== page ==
Fiona Vernal is a native of Trelawny, Jamaica and grew up in Trenton, New Jersey. She earned her BA in history with a certificate in African American Studies from Princeton University in 1995 and her MA and PhD from Yale. After completing her doctoral work in December 2003, she served as director of African Studies at Kalamazoo College, Kalamazoo, Michigan. Since 2005 she has taught at the University of Connecticut’s Department of History where her courses focus on precolonial, and colonial Africa, the history of South Africa, slavery, and the African diaspora. Since 2015, her teaching pedagogy has shifted to incorporate inquiry-based learning and human rights practice, yielding the exhibits: “Children of the Soil: Generations of South Africans under Apartheid” (April 2016) and the upcoming “Child Labor and Human Rights in Africa” in 2018.
Her book, The Farmerfield Mission (Oxford, 2012) explores the relationship between African Christian converts, European missionaries, and the politics of land access, land alienation and the “civilizing” mission of African social and economic improvement in nineteenth century South Africa.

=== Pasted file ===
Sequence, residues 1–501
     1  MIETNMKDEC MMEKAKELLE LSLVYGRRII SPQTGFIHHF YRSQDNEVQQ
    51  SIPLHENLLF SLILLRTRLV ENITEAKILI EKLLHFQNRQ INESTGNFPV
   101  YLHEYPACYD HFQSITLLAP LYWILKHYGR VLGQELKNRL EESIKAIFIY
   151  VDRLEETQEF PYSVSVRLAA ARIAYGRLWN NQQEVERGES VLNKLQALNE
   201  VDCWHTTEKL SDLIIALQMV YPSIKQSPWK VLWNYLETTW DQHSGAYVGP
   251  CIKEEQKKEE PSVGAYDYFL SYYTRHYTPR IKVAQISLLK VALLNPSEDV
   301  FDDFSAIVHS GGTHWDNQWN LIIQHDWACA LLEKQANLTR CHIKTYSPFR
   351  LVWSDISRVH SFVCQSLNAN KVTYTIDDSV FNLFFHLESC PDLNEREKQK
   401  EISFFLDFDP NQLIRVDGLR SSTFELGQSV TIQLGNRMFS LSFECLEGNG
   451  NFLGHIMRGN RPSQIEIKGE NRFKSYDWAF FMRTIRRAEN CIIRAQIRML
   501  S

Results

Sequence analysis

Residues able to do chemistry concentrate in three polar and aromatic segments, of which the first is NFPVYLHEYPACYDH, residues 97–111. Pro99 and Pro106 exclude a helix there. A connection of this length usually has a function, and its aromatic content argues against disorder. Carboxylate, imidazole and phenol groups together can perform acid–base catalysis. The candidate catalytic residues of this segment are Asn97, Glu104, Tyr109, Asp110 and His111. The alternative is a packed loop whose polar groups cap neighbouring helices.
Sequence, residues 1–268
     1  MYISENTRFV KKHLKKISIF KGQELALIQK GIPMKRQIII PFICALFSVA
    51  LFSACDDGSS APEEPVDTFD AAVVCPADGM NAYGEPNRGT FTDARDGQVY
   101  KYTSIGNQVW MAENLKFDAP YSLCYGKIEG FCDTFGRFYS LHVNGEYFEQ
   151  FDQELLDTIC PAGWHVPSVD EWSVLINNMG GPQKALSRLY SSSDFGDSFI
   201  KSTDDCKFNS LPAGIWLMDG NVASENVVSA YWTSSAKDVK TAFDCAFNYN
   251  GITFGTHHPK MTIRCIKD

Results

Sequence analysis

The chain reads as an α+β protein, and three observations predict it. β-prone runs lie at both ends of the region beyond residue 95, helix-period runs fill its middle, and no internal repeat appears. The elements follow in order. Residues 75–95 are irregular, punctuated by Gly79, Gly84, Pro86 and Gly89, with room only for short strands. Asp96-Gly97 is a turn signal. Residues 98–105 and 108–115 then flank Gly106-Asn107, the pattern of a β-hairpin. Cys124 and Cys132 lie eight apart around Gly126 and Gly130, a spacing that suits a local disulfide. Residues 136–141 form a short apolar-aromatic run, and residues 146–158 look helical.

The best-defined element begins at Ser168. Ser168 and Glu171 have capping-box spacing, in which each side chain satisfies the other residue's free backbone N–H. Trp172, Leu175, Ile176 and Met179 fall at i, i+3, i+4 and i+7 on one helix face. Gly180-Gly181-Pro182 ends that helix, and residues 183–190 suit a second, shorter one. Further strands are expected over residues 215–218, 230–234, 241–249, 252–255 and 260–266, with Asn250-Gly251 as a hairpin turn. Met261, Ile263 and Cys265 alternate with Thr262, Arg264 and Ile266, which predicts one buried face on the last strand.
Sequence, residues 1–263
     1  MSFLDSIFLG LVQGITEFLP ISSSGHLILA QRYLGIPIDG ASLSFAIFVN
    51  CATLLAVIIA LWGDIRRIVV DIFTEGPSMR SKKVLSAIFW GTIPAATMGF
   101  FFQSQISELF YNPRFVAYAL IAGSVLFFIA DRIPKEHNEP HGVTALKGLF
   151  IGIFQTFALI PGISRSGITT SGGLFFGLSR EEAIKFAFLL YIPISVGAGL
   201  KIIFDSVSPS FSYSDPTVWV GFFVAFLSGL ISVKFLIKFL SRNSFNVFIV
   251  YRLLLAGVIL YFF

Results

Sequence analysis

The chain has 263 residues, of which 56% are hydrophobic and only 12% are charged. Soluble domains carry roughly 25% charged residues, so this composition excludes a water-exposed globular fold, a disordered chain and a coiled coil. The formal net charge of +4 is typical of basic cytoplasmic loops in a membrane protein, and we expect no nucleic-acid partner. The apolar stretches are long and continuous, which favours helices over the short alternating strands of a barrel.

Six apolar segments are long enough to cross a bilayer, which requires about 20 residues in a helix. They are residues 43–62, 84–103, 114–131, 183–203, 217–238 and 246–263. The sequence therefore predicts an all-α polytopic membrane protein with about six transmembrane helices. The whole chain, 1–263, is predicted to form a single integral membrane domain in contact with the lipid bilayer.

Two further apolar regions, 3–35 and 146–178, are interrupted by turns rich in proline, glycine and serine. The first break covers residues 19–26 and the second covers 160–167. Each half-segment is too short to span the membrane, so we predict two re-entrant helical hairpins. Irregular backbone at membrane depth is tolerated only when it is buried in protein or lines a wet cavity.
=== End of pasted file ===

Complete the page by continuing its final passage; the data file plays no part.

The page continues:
Dr. Vernal consults with the Connecticut Historical Society on oral history projects including an exhibit documenting and recording the impact of 9/11 on Connecticut victims, families, and first responders: September 11, Connecticut Responds and Reflects. A second exhibit documented the history of West Indian migrants to the greater Hartford’s area: Finding a Place, Maintaining Ties: Greater Hartford’s West Indians, with a successor exhibit premiering at the West Indian Social Club of Hartford on June 10, 2017 entitled “A Home away From Home.” She is currently engaged in a preservation and photo documentation project on Caribbean migration to greater Hartford.